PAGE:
According to a short history of the sect by David Pollock, deputy director of the Jewish Community Relations Council of Greater New York, Rabbi Moshe Teitelbaum in his inaugural speech acknowledged the seminal role played by his uncle in preserving the devastated movement and giving it a renewed sense of identity through his scholarship and leadership.

His own role, he said, would be to nourish and steward the community, and it is generally acknowledged that he has done so with great success.

Unlike the large, perhaps better known Lubavitcher sect, which recruits other Jews to its way of life, the growth of Satmar has been almost entirely through procreation.

Its members have well-established communities in Williamsburg, where an estimated 35,000 Satmars live, and in Orange County, where an estimated 18,000 live in the village of Kiryas Joel, a modern-day shtetl.

Congregations also exist in Monsey in Rockland County; Borough Park in Brooklyn; and Lakewood, N.J., as well as abroad in London, Manchester, Buenos Aires, Antwerp, Jerusalem and Bnei Brak, Israel.

"To put it in an extraordinary way," said Professor Samuel Heilman, a City University of New York sociologist who has studied the community, "in 1960, if you looked at Conservative Jewry and the Satmars, you’d say Conservative Judaism was the future and Satmar might not survive.

"Now it’s Conservative Jewry whose future is in question," he said, referring to the decreasing membership and internal ideological rifts that have some questioning the sense of identity of this major stream of Judaism. "But no one doubts the Satmars will be here for quite some time.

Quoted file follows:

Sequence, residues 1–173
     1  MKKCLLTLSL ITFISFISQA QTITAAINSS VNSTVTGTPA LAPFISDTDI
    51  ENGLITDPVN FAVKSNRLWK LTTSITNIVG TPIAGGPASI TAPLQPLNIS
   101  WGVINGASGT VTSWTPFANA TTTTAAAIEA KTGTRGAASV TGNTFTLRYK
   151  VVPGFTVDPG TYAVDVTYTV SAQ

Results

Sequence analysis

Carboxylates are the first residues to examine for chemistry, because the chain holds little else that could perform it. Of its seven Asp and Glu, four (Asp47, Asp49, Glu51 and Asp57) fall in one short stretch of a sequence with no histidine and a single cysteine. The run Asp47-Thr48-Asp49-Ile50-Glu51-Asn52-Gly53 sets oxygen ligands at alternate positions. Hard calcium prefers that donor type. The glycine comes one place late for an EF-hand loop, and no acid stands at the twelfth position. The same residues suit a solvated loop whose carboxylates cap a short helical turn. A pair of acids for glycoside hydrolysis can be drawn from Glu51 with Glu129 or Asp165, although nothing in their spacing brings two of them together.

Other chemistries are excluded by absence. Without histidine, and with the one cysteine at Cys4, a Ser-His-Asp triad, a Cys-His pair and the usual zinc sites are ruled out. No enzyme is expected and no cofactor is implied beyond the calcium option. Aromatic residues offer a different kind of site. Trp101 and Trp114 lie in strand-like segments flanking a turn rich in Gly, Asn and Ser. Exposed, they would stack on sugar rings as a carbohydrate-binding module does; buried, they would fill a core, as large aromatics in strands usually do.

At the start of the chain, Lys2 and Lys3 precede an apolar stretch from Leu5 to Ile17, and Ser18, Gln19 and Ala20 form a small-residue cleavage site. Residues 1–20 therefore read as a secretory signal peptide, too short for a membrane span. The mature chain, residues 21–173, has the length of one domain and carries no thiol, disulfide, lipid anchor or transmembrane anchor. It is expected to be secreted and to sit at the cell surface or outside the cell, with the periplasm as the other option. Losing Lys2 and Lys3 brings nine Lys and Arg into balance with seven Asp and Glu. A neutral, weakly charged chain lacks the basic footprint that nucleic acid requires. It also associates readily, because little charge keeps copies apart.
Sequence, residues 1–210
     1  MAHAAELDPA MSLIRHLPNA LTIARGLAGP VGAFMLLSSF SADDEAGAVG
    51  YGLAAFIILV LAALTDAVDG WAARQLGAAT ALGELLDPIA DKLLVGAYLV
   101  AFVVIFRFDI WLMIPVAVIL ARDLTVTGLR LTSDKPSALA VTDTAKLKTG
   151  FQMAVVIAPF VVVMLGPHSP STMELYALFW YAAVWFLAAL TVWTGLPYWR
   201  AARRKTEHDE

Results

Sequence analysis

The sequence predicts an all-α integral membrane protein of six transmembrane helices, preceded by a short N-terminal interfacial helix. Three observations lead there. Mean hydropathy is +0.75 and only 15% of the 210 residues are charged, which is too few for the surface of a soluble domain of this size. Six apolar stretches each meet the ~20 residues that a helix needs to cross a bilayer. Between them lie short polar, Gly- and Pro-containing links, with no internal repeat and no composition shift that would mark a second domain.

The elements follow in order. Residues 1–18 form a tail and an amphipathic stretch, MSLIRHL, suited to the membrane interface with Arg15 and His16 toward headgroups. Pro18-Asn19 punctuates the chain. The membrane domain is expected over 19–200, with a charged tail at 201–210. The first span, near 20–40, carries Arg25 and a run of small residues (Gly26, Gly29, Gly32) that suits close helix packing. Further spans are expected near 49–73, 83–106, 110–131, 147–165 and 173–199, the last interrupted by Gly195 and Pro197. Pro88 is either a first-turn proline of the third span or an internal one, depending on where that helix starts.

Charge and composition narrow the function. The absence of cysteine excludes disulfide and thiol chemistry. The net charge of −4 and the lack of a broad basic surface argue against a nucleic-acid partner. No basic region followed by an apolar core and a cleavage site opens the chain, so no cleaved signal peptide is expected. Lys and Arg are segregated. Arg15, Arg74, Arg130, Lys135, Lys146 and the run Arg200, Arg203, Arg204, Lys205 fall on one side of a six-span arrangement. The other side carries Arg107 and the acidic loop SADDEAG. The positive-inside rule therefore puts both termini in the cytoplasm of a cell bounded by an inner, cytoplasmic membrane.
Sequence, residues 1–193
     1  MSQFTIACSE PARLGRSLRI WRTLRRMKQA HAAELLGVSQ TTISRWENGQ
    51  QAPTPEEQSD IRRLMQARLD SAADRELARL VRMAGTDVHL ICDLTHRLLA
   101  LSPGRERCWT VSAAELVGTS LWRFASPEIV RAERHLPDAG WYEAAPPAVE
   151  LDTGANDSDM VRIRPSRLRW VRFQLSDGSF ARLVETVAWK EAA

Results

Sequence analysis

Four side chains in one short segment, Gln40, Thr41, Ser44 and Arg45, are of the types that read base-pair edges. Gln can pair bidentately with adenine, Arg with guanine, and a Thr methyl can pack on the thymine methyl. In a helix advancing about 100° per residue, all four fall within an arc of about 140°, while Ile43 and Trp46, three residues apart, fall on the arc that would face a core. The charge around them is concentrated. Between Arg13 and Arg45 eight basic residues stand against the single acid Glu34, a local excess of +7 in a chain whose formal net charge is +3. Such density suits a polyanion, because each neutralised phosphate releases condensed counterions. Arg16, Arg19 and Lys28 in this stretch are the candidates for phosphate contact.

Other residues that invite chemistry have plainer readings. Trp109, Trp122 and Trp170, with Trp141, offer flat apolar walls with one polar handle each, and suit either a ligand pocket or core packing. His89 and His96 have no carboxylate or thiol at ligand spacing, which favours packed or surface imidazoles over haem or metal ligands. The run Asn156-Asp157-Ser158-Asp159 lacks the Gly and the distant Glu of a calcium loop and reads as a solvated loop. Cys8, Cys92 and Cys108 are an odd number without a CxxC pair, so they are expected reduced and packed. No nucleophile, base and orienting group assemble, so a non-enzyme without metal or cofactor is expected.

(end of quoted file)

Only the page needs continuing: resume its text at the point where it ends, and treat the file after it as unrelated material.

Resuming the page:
"I don’t know that [Rabbi Teitelbaum] was responsible for all this," Heilman hastened to add. "But he was able to sustain a situation where they became politically more powerful and didn’t lose their numeric advantage over other chasidim, and this without engaging in outreach and while maintaining their anti-Zionism during a time when most Jews are Zionists."

This is not to say the Satmars have not been rocked by their own internal rift: one that may only intensify with Rabbi Teitelbaum’s death.

Even as they hovered over their father’s bedside this week, the struggle between Aaron and Zalman and their respective supporters for control of the growing community and its assets (estimated at some $500 million) continued to carve a contemporary chapter in the sect’s history.

There are conflicting accounts of how their succession feud started. But there is no doubt that Aaron, 57, the older son, initially believed the mantle would fall naturally on him.Aaron was named chief rabbi of the Kiryas Joel congregation in 1984, but according to Pollock, his father told him in 1999 that he had decided to name Zalman Leib the chief rabbi in Williamsburg.